The key to happiness was uncovered in yet another study on the subject. MSN reports that the findings have nothing to do with money, fame, or success. Good health is also the result of what makes people happy.
What is the key to happiness? According to Harvard professor and psychiatrist Robert Waldinger, the answer lies in relationships.
“Good relationships keep us happier and healthier. Period,” Waldinger said.
Two groups of multi-generational participants were studied at Harvard in the 1930s. One consisted of male Harvard students (which included John F. Kennedy, according to the New York Times), and the other were young boys from disadvantaged families living in Boston’s poorest neighborhoods.
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Researchers performed brain scans, interviewed the individuals (and eventually their families), took blood analyses, and performed health exams. The study from over 75 years ago concluded that the key to happiness and health are all about relationships.
People who are more socially connected to others are happier not only in mind but physically. They also tend to live longer. Other takeaways in the research revealed that quality is over quantity when it comes to close relationships. Moreover, relationship satisfaction predicts future health.
Even a “good relationship” has its share of conflict, but trust, commitment, and respect are what make the difference.
Loneliness can be toxic because people who’re isolated are less happy, and their health pays the price sooner than later; brain function declines sooner, and they live shorter lives.
Waldinger urges people to depend on their relationships as much as their professional endeavors. It’s important to make friends in and out of work and to nurture your current relationships with friends, family, and significant others, no matter how difficult it can be.
“Relationships are messy and complicated; it’s not sexy or glamorous. But it’s life-long,” Waldinger said.
In a separate study published in the British Journal of Psychology, evolutionary psychologists Satoshi Kanazawa of the London School of Economics and Norman Li of Singapore Management University conducted their own research on happiness. While the study also showed that one group in the study echoed the same results as the one Robert Waldinger came up with involving relationships, there was one in which “smart” people were happier without spending too much time with friends.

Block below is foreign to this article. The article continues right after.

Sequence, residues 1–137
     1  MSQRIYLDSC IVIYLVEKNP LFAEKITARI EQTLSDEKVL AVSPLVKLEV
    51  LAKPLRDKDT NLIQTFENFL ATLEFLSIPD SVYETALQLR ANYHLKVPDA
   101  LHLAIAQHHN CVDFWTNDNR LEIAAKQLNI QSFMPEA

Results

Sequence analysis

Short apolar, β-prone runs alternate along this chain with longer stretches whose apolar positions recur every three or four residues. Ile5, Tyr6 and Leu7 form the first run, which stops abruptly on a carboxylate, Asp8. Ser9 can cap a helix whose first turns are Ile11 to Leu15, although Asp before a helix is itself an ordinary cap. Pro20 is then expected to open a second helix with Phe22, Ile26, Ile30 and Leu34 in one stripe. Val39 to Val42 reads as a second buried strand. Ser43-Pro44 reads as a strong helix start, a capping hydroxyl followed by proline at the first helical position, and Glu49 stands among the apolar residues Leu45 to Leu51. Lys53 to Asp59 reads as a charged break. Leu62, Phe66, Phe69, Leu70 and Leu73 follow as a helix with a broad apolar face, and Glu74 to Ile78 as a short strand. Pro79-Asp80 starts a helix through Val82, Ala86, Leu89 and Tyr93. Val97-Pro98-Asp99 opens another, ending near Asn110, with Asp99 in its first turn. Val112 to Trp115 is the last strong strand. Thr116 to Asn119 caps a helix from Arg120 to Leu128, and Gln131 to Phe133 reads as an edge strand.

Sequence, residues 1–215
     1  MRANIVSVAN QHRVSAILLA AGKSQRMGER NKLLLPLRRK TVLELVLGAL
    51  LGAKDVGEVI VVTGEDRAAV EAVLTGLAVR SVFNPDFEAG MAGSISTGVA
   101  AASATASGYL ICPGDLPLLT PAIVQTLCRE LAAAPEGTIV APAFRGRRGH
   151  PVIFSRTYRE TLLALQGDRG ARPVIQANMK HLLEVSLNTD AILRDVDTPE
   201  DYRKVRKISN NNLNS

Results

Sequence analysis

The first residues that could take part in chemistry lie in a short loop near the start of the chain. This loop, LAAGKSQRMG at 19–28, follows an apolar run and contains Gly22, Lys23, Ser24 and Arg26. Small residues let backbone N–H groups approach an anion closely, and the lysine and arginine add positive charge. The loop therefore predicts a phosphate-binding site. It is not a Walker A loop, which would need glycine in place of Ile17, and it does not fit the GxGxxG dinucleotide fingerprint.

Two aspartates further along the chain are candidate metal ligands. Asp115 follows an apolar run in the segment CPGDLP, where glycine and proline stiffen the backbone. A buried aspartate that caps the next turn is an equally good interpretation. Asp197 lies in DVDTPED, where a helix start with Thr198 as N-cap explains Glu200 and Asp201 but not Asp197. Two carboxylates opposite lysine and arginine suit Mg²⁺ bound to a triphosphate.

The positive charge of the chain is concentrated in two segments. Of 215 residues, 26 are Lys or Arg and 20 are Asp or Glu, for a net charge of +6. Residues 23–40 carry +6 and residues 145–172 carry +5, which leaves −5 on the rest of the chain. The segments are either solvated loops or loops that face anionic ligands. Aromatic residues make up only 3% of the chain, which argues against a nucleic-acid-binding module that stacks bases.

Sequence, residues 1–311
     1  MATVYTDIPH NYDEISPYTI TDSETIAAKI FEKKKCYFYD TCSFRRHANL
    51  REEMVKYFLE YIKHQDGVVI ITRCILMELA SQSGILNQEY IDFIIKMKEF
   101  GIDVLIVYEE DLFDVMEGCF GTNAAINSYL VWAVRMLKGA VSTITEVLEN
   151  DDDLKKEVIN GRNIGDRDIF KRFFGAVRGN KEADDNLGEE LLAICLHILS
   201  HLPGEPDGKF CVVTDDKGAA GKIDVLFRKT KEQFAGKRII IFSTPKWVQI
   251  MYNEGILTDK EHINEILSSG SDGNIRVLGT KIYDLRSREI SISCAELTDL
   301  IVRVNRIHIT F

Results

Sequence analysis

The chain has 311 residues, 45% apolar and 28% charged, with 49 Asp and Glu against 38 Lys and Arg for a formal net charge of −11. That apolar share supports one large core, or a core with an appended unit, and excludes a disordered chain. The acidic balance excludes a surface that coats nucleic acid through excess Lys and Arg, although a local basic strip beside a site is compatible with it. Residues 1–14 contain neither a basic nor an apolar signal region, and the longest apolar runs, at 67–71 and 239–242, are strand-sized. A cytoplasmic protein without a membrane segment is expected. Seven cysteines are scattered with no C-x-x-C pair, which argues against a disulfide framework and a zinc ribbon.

According to the Washington Post, there were two main findings in Kanazawa and Li’s research: People who live in more densely populated areas tend to be less happy and that socializing with close friends brings satisfaction.
There was on “outlier” group that studied people with higher IQs. They weren’t as bothered by living in crowded areas as their counterparts but were less happy the more time they spent with friends. Researchers attribute the findings to hunter-gatherer roots. Kanazawa and Li say that what made our ancestors happy holds true by modern-day standards.
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Brookings Institution researcher Carol Graham said it could simply be that higher-IQ individuals may be “focused on some other longer term objective,” meaning they’re gaining more satisfaction by working towards long-term goals than hanging out with friends.
The subject of happiness and the key to it will always be debated. What makes one person happy doesn’t apply to another person. There are fundamental needs each individual has and the key to his or her happiness is as varied as personality traits. The majority agree that money, fame, and success don’t necessarily amount to genuine happiness. While those elements serve as great tools to make life much easier, real happiness derives from a far deeper, personal level.
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